Posts Tagged ‘combine’
In electronics heat is often the enemy, but research at North Carolina State University may have resulted in a way to keep things cool in a less-expensive manner than is currently possible. Dr. Jag Kasichainula achieved the feat by using graphene. Compromised of honeycombed carbon atoms, graphene is being utilized for a number of different breakthroughs and experiments; in this case it is combined with copper to create a composite heat spreader. The spreader then connects to the electronic device in question with a indium-graphene film. The higher thermal conductivity of both materials allows the composite spreader to draw heat away approximately 25 percent faster than commonly-used copper versions. Copper is also notoriously expensive,…
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For too long Nielsen ratings have dealt with TV commercials and web ads as completely separate entities. Episodes of your favorite show streamed through a service like Hulu or from the channel’s website often didn’t get factored into the pricing and sales of television ads, and vice versa. That is about to change, however, as the media monitoring company has joined forces with GroupM to create Nielsen Cross-Platform Campaign Ratings. The new product will combine its Nielsen Online Campaign Ratings, which measures internet advertising, with its traditional TV monitoring service to create a medium-agnostic tool for creating media metrics. Hopefully, with a unified pool of data and better monitoring services, content producers may be more likely to experiment with online distribution — especially if they influence the flagship ratings. Check out the complete PR after the break.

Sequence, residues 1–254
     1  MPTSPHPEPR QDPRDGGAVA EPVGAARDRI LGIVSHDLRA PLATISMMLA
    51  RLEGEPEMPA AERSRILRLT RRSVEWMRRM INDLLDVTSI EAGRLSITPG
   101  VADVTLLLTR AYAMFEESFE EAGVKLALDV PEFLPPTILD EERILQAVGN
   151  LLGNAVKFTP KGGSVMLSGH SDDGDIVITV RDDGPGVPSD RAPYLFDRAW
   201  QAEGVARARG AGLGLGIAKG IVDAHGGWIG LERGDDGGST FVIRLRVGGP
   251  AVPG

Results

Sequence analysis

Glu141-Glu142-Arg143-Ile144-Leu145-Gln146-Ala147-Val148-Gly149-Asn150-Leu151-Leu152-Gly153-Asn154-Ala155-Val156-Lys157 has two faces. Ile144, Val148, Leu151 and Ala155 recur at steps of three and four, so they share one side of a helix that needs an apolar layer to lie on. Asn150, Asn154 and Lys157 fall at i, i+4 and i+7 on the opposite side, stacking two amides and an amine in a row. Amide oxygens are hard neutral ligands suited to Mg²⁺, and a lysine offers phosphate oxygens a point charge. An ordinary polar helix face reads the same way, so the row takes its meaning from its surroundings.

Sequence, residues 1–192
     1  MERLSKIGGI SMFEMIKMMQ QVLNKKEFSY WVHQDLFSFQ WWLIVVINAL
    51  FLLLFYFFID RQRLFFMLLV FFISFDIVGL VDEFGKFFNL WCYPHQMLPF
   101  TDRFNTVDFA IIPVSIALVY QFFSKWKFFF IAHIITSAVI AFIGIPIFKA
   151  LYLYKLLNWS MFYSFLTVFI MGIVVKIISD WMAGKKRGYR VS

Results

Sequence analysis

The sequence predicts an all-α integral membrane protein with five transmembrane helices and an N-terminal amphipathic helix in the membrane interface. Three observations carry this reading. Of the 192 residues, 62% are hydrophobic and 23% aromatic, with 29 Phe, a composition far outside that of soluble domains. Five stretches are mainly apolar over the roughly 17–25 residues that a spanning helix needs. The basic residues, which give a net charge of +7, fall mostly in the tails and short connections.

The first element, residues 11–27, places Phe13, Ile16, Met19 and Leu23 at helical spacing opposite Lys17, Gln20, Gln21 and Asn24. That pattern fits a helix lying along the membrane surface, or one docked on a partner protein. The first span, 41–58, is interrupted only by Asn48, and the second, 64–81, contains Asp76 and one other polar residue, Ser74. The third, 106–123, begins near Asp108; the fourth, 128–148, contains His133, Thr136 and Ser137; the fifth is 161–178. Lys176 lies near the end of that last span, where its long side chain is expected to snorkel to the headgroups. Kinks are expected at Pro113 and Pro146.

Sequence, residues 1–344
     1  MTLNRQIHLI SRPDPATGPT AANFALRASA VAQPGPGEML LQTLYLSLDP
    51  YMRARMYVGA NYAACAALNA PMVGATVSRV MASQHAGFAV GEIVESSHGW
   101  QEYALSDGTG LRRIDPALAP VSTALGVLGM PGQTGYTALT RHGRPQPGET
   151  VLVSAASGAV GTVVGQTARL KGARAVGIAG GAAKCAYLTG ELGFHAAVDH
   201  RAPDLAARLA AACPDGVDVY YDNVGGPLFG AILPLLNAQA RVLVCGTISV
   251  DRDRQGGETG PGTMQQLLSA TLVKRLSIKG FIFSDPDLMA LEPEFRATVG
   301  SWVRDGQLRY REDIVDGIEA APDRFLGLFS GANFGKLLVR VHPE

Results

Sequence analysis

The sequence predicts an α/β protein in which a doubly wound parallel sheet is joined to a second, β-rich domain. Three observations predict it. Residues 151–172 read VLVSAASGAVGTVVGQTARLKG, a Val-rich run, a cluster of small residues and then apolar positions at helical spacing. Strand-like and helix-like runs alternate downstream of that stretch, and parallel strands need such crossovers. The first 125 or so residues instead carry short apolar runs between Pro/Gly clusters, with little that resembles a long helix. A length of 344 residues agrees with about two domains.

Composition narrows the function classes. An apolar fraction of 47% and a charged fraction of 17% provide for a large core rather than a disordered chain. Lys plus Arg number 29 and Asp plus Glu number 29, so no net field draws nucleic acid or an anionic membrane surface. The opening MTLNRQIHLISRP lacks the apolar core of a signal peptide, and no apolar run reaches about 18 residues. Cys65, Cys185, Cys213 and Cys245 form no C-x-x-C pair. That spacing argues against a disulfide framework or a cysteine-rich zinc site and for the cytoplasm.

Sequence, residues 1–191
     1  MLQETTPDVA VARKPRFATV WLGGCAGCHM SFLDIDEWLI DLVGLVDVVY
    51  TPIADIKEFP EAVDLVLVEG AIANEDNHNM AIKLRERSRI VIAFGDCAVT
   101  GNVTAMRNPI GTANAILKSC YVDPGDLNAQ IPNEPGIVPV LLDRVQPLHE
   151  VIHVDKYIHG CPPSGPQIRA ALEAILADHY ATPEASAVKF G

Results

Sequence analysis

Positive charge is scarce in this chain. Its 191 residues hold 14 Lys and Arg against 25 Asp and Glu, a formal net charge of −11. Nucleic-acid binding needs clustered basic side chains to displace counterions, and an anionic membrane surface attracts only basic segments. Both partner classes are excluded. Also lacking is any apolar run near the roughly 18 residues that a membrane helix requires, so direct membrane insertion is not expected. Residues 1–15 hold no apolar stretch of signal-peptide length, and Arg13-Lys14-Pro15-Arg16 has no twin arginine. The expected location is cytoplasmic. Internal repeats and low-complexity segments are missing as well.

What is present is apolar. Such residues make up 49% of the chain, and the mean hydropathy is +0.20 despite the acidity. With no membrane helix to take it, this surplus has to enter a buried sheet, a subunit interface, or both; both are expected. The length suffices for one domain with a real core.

In our Lytro review, we mentioned seeing a preview of an upcoming mode that allows you to manipulate the perspective of a photo after the fact, using 3D data captured by the camera’s unique sensor. While the Lytro won’t be widely available for a while, you may already have technology with the potential for similar functionality under your TV stand in the shape of Microsoft’s Kinect. James George and Alexander Porter have exploited this in a series of CCTV-inspired images, using custom software to combine the Kinect sensor’s depth information with images from a Canon 5D. The results are striking — George and Porter took candid photographs of passengers on the New York City subway, once intended to have a high-tech surveillance system of…
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Jealous of your Nexus S-owning friends and their fancy NFC chips after yesterday’s Google Wallet announcement? Well tech tinkerer Joe Desbonnet has whipped up what he dubs “poor man’s NFC” using an Arduino, some magnet wire, and any compass-equipped Android smartphone (which is almost all of them). By placing a coil of wire on the phone and connecting it to the DIYer’s favorite microcontroller, Desbonnet was able to send data, albeit very slowly, to his HTC Desire running a special app to decode the signals. Granted, you’re probably not going to see American Eagle mod their point of sale systems to talk to your phone’s magnetometer, but it’s still a neat trick. In fact, we’d break out our Arduino right now to give it a try, but our secret lair is strangely devoid of enameled copper wire. Check out the source link for instructions, and don’t miss the video after the break.